We shot our first ‘family portrait’ yesterday morning – in Piedmont Park – and it was really, really cold. Fortunately, it was bright and sunny and clear. This of course poses another problem – the sun – especially for us since we’re not ‘natural light’ photographers. Add to that challenge the part where you’re trying to photograph a toddler full of energy – and then adjusting for constantly changing light conditions… ha, it was a really wild and crazy photo session. I mean – photographers have a hard enough time getting the lighting right during a posed photo shoot where people are sitting still – try doing it with all manual flashes, full manual on your camera (except autofocus) – and a really fun toddler who’s ready to play.
It’s almost enough to make you want to become a natural light photographer. No just kidding.
This shoot was the most tiring out of all three shoots we had yesterday – but it was also the most fun. Once I found the right settings to balance out the light – it was just a matter of chasing the toddler around, trying to catch his face and then just shooting away.
I really could not have done this shoot without Leah. We had a three light set-up. The sun up above and behind them (mostly), Leah on the right side with a bare flash aimed at their faces, and then I held an umbrella’d flash in my left hand. Yeah. So I’m crouching down, with a camera in my right hand and up to my eye, while holding a big while umbrella with the other hand, and we’re chasing him around trying to get a good shot. Leah and I must’ve looked pretty funny to anyone else in the park watching.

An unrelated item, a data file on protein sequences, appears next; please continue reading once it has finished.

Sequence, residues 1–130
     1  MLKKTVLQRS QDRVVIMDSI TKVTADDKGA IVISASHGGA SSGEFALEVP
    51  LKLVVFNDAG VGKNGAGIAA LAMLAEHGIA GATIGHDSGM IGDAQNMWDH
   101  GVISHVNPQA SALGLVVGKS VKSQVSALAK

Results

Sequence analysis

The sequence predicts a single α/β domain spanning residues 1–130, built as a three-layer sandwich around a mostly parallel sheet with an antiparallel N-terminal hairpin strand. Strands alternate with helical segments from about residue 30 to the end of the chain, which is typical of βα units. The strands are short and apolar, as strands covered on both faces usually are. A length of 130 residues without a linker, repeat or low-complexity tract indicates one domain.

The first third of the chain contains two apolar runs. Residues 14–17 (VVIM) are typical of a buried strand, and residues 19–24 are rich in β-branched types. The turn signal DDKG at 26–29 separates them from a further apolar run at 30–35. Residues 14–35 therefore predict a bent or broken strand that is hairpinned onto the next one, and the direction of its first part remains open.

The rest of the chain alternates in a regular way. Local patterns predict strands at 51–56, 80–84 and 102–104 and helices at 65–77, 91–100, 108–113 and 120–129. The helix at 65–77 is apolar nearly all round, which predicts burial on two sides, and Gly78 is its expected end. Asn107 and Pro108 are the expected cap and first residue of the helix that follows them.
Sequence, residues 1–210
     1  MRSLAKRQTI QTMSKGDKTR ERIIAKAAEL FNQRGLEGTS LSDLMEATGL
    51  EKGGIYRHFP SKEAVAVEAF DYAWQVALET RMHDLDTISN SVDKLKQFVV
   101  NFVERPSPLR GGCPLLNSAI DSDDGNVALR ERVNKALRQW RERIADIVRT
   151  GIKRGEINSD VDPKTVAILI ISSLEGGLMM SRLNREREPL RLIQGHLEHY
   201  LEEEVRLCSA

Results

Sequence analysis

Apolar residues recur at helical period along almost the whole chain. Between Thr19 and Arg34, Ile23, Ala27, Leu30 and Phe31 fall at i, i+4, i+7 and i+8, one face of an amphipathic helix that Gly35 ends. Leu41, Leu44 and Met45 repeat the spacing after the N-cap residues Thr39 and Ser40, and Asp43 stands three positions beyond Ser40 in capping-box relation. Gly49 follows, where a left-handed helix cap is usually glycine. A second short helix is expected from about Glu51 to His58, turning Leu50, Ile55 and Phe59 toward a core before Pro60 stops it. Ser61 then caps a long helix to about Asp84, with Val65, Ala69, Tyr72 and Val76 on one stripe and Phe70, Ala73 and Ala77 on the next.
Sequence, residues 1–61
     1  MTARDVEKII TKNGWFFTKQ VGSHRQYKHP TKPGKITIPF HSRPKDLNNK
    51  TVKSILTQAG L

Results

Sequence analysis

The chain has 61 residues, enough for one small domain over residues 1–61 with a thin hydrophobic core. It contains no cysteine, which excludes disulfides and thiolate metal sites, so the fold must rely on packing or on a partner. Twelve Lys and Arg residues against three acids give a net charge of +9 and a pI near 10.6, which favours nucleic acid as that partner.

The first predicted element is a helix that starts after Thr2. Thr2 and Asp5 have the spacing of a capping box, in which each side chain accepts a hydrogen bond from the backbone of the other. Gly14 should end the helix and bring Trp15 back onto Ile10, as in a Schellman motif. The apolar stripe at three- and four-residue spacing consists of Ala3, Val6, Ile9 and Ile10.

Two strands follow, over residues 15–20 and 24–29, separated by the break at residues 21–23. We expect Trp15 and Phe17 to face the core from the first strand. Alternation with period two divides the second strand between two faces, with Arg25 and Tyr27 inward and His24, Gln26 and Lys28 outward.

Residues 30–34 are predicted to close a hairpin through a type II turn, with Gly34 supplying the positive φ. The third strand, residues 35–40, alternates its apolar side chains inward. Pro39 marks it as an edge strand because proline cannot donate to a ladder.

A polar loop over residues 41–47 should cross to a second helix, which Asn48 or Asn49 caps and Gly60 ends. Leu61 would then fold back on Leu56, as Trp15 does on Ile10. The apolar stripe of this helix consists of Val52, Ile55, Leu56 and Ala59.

Still, this was not the time for light stands and inflexible setups – we had to move and move and move. Aim left light, aim the right light, aim the camera. ShootRunRepeat.
First Shot: Since it seems like almost every photo shoot I do these days is a type of shoot that I’ve never done – I’m always a bit nervous until I get that first shot that shows me that everything’s going to be alright. This shot of the father was the one that calmed me down. I wasn’t sure if we’d be able to not only balance out the light against the sun, but to make it have the quality I wanted and not just end up with a lot of ‘snapshot’ type photos. Once we made this shot I got the feeling that we’d be alright.
One of the things I’m most happy about this shoot is that I think we achieved that underlying goal of always producing shots that many other photographers won’t or can’t get…
Of course – that may not always be a good thing – because some people just want photos that look like everyone else’s family portraits…